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Department of Otolaryngology

Chairman’s Thoughts

department chair Dr. Gillespie

Welcome to the UTHSC Department of Otolaryngology-Head and Neck Surgery. This department has provided dedicated service to the city of Memphis and the surrounding mid-south region for over 60 years. We hope you will take time to explore this website in an effort to get to know us better. Our department currently consists of 20 faculty covering all aspects of tertiary otolaryngology care (general ENT; head and neck oncology; facial plastics and reconstructive surgery; otology/neurotology; complex pediatric otolaryngology; sleep medicine and surgery; rhinology and skull base surgery; laryngology/neurolaryngology). We have 4 residents a year covering six teaching hospitals (Methodist University Hospital; Baptist Memorial Hospital; Regional One Medical Center; Memphis VA; Le Bonheur Children’s Medical Center; St. Jude Children’s Cancer Research Center) providing a wide-ranging clinical experience. Read More

New Faculty


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Wade G. McClain, DO

Dr. Wade McClain is a fellowship-trained Pediatric Otolaryngologist joining the UTHSC Otolaryngology faculty as an Assistant Professor in the Division of Pediatric Otolaryngology starting in September 2021.

Dr. McClain joins us after 5 years as a faculty member of the Department of Otolaryngology/Head and Neck Surgery at the University of North Carolina in Chapel Hill. He completed his residency in Otolaryngology/Facial Plastic Surgery at the Oklahoma State University Medical Center in 2013 and after 2 years of private practice in general otolaryngology completed a fellowship in Pediatric Otolaryngology at the University of North Carolina in 2016.

He treats a full spectrum of pediatric ear, nose and throat disorders. His clinical specialties include treatment of complex sleep apnea, tumors and congenital malformations of the head and neck, and management of the pediatric airway. His research interests include outcomes and system-based quality improvement and surgical education. He is the author of multiple peer-reviewed publications and textbook chapters regarding pediatric otolaryngology.

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C. Burton Wood, MD

Dr. C. Burton Wood is a fellowship-trained Head and Neck Oncologic and Microvascular surgery who joins the UTHSC Otolaryngology faculty as an Assistant Professor starting in August 2021.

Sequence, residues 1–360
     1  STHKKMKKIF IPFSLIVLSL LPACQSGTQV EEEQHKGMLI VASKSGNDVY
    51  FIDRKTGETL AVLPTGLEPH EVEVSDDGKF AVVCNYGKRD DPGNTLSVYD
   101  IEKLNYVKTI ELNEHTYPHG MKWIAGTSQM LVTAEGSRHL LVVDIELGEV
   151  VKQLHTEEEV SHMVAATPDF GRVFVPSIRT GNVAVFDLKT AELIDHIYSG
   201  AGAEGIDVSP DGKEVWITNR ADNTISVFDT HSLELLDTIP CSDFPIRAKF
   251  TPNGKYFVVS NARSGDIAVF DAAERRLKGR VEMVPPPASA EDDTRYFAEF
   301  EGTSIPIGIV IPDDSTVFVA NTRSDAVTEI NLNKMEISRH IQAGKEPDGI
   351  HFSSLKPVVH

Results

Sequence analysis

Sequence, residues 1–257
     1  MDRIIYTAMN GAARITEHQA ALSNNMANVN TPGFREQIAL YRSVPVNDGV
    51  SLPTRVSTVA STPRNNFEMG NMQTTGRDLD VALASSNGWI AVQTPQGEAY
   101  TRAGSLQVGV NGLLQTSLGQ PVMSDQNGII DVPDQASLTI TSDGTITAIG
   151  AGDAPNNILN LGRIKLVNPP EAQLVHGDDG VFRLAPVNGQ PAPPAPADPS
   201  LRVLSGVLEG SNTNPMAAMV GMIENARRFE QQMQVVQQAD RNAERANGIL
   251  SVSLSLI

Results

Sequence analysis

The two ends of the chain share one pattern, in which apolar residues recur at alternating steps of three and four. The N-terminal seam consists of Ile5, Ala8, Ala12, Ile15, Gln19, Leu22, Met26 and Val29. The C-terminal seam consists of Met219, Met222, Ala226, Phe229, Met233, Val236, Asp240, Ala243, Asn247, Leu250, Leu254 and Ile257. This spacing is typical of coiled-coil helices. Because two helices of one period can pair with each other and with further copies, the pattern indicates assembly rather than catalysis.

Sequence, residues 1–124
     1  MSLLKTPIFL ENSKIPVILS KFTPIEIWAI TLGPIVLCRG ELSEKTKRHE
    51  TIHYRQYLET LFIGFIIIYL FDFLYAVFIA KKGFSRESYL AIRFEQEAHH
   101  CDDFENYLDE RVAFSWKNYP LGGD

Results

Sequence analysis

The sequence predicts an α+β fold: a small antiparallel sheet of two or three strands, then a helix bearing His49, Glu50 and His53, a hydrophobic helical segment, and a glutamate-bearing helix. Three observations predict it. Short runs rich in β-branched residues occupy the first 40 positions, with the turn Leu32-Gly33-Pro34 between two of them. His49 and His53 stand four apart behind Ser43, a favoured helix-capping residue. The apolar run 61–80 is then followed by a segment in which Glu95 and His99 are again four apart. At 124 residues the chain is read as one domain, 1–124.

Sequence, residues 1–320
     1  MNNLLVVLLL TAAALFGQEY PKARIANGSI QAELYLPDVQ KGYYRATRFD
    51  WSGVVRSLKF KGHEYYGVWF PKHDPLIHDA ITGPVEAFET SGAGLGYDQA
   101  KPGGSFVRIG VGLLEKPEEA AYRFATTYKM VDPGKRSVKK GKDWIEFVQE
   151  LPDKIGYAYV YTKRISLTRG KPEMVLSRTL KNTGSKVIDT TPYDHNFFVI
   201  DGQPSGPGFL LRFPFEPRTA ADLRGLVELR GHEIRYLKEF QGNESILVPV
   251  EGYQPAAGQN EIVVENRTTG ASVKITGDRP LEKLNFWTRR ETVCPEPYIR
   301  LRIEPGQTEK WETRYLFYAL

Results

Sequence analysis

Dr. Wood is a native Tennessean, having been born and raised in Nashville. He previously spent time in Memphis as a medical student here at UTHSC. More recently, he completed his fellowship in Advanced Head and Neck Surgical Oncology and Microvascular Reconstructive Surgery at Washington University School of Medicine. He was a resident at Vanderbilt University Medical Center. 

His academic interests include quality improvement in head and neck cancer surgery and post-operative care, early detection methods for HPV+ oropharyngeal cancers, and utilization of ultrasound in otolaryngology practices and training. He has been involved in global health work including trips to Kenya and Haiti with a primary goal of developing a teaching protocol. 

Dr. Wood’s clinical interests include all facets of Head and Neck Surgical Oncology, with particular interest in surgical management of HPV related cancers via TORS and microvascular reconstruction. He feels fortunate to have had numerous excellent mentors throughout his training and is very excited to be able to assist in training future otolaryngologists and to care for head and neck cancer patients in Memphis and the surrounding region. 

Telecommuting turns many of us into "professional voice users"

The coronavirus pandemic has created a culture of telecommunication meetings, and has forced us to use devices to connect with family and loved ones more frequently. 

Overnight, many of us now fit into the category of “professional voice user,” a term that applies to anyone whose career or livelihood depends on the use of his or her voice. These new methods of conducting business and social activities may result not only in mental fatigue but also vocal fatigue – tiredness or weakness in one’s voice, often due to increased or improper use. Symptoms include hoarseness, diminished vocal range, lower volume and/or neck muscle tenderness. Read More

Otolaryngology Headlights

Cover of Fall 2020 edition

Archived Editions

Last Published: Sep 20, 2021